World Backup Day: Today is the day to gather strength for dusting off that portable backup drive, examining the health of all your storage devices and re-evaluating your data backup strategy. After all, data loss is not a matter of if, but when. Spend some time on March 31, celebrated as World Backup Day, to ensure your important data is properly backed up.
The tech community thrives on the difference of opinion, where some passionate individuals usually bring out the pitchforks, keenly typing away their responses in debates around pros and cons of a particular operating system, CPU/GPU brand, or any other piece of computer hardware/software and associated IT practices.
However, one practice that’s universally accepted and encouraged in tech is keeping a backup of all your important data, and doing it regularly. This data may be digitized albums of your old paper photos, GBs (or TBs) of games and media that you frequently access, or any other files and documents that you can’t afford to lose. Don’t have a list of currently installed programs? Why not make one today for some added peace of mind.
It’s also highly recommended to keep a backup of your backup. Simply having one in the first place is a step in the right direction, but having redundant backups can be a life-saver in case your sole backup source gets lost, damaged or becomes permanently inaccessible.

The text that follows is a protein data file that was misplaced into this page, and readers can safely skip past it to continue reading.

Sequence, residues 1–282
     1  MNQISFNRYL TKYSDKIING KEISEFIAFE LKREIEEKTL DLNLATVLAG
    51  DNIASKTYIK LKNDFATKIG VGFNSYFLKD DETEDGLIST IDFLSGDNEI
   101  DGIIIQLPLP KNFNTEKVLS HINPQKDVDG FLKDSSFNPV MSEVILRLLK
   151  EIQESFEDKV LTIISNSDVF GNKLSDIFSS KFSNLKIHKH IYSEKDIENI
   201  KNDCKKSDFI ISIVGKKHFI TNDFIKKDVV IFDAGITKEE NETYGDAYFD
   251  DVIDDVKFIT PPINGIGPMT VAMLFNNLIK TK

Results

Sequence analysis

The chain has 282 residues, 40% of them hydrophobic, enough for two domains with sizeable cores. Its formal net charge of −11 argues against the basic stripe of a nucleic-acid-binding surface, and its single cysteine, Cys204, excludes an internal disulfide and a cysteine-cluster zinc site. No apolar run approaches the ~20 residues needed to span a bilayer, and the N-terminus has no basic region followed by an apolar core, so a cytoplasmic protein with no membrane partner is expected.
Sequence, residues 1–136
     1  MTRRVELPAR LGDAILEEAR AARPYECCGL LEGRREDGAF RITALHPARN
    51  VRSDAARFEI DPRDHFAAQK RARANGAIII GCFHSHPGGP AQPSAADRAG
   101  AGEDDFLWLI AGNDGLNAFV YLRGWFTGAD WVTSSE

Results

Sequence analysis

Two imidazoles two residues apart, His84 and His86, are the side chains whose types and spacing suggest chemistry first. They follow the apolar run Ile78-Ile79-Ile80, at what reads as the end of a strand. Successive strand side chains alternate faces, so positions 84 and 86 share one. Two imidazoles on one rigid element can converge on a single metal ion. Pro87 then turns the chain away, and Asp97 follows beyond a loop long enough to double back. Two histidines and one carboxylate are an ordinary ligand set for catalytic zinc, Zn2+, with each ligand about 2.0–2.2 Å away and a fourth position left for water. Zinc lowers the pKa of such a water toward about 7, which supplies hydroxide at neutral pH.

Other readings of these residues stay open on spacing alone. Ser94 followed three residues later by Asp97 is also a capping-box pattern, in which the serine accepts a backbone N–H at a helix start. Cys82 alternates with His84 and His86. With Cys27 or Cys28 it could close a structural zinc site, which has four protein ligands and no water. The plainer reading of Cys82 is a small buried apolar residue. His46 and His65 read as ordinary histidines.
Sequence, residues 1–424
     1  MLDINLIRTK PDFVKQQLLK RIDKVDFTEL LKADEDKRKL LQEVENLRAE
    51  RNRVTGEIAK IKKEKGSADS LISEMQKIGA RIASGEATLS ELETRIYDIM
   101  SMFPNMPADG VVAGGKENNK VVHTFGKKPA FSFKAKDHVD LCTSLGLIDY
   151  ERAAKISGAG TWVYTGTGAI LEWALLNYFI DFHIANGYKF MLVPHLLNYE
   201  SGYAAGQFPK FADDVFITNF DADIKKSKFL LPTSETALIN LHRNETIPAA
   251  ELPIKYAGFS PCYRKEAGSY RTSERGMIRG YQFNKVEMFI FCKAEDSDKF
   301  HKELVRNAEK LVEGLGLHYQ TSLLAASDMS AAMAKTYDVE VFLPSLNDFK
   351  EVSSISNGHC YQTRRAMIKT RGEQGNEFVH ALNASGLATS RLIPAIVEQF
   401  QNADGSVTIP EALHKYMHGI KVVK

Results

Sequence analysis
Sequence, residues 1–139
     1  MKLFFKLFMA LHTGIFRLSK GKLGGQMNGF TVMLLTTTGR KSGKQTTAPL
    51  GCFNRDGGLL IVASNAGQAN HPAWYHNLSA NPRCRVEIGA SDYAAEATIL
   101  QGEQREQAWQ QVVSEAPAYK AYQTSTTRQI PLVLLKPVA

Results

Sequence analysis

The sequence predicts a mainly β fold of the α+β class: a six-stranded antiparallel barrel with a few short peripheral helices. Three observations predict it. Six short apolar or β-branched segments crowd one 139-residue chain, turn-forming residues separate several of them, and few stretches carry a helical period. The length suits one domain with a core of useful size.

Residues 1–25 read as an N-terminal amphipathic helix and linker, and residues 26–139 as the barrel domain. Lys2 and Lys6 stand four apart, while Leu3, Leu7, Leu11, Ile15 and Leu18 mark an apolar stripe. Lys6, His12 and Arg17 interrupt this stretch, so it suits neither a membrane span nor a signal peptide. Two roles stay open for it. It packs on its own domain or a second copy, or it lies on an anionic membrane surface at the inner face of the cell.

Local storage options like HDDs or SSDs do fail eventually (or instantly on a bad day) but they offer speed, capacity, portability (if an external drive), and are cheaper to replace if you’re proactive with backups.
Cloud storage, meanwhile, does have the convenience of being remotely accessible, quickly synchronizable and is stored off-site. However, your data is ultimately backed up on another company’s server, which raises privacy/trust issues of its own, and it isn’t a suitable option if you’re handling very large files.
Regardless of where you decide to keep your backup, there are lots of free tools available to help you get going. Although it requires a good (and continuous) investment of time and money, you can also follow the 3-2-1 backup rule, which is a widely recommended strategy for safeguarding against data loss. It implies:
Creating 3 x copies of your data
Storing 2 of these copies on at least 2 types of storage media (e.g. USB flash or external drive)
Keeping 1 of these copies off-site
Following this plan will ensure you’re not putting all your eggs in one basket. If you find your backups are ballooning in size, then it may be time to invest in network attached storage (NAS). Having lots of disk space on your network is not only good for backups but also opens up other possibilities like creating a media server or an easily accessible data repository.